Camel Beauty Pageants


Ten thousand of the world’s finest pedigree camels are competing for $9 million in prize money.
Even though camel breeding is a cultural tradition that goes back centuries, the oil-rich Arab emirate had produced the world’s first test-tube camel and races have recently been conducted using remote-controlled robot riders.

“It’s just like judging a beautiful girl,” said Fowzan al-Madr, a camel breeder from the Kharj region southeast of Riyadh. “You look for big…eyes, long lashes and a long neck — maybe 39 or 40 inches.”As he spoke, Madr was surveying the offerings at Saudi Arabia’s largest camel market, on the outskirts of Riyadh.

The days are long past when camels were crucial to life, a chapter lost in increasing urbanization and technology. But there is still pleasure in raising them, sometimes for milk and meat, for racing and, yes, for their beauty.

Camel beauty pageants, in which camels are judged on their looks and dressage, are held all over Saudi Arabia. They have become so popular in recent years that a respected Saudi cleric recently issued a decree against them, saying that they encouraged pride.

The death in January of Mashoufan — a male camel who earned celebrity status after winning first prize in a number of pageants and was said to be worth more than $4.5 million — was widely reported, and his owner received condolences from around the country.

Camel breeding is a multimillion-dollar industry in Saudi Arabia, and late winter is an especially popular time for wealthy Saudi camel owners to arrange parties in the desert to spend time with their favorite camels.

Ali bin Talal al-Johany, a former minister of telecommunications, owns a herd of 124 camels and keeps a large framed photograph of his prized bull, Musfer, in his home. He explained that because Saudi Arabia has developed so quickly, camels had a great deal of symbolism for older Saudis and owning them was a pleasurable way to feel connected with the past.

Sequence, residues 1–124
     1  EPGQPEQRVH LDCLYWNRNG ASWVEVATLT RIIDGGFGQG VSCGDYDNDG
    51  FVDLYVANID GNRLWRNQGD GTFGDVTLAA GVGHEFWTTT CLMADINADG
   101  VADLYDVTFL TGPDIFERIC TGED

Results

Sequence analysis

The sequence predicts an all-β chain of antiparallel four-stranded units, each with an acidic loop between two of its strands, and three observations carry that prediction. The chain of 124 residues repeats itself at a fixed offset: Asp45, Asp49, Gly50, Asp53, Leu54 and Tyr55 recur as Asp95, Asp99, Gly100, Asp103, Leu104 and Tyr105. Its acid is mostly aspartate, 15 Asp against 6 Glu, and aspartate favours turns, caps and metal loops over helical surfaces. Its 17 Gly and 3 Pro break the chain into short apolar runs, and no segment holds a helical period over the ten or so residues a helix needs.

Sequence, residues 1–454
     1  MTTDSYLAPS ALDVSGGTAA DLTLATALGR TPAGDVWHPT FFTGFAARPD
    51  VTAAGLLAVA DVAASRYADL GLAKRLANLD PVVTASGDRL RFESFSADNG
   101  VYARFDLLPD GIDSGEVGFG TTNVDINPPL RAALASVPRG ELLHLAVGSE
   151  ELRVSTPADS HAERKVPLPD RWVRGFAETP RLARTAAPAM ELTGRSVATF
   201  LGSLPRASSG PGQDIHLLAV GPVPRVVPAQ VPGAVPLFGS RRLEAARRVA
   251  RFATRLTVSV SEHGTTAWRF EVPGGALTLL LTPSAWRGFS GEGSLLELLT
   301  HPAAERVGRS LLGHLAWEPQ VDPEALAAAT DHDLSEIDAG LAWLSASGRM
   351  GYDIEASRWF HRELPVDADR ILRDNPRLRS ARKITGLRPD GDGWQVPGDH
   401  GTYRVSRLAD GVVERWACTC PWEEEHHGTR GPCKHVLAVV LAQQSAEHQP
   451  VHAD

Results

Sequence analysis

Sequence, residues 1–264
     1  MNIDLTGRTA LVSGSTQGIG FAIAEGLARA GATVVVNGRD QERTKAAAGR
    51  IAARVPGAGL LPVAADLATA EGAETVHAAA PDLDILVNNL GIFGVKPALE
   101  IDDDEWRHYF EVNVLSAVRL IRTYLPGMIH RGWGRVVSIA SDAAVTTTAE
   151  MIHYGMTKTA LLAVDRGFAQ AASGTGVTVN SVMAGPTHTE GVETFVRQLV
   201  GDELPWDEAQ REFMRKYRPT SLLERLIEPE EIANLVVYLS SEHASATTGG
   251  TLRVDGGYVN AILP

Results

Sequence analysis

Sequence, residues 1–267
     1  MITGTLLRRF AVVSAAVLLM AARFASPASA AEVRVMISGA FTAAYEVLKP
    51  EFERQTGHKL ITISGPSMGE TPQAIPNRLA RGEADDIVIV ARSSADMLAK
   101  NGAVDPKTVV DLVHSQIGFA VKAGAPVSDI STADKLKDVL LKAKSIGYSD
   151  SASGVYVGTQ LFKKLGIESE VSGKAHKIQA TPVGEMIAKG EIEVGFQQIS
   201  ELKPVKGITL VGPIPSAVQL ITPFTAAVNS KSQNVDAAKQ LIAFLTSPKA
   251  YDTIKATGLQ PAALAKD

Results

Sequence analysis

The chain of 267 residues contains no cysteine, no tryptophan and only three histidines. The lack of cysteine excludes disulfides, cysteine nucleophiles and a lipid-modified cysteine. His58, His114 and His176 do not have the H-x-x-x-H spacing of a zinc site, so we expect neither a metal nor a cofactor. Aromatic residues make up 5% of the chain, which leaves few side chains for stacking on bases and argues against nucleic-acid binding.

At the market, thousands of camels of every description are for sale. In addition to pure white camels, there are woolly black camels and oatmeal-colored camels, even camels of the color that, in a winter coat, is called “camel-colored.”

In one enclosure, camels marked for slaughter with splashes of hot-pink spray paint on their sides, exactly one year old and ready for eating, bellow mournfully as they are hobbled and forced to kneel in the back of a pickup.

Last August, the timeless routines of the souq al-jamal were shattered when camels began dying in droves, until as many as 5,000 died under unexplained circumstances. Madr, the camel breeder, lost seven, all apparently healthy young animals.

An investigation revealed the camels had been poisoned by fodder contaminated with an antibiotic called salinomycin, often added to chicken feed but poisonous to camels. A mill had tried to double production of camel fodder by using a factory line normally devoted to chicken feed.

Last month, King Abdullah ordered payments of 20,000 riyals, about $5,330 for every camel that died from eating the contaminated feed.




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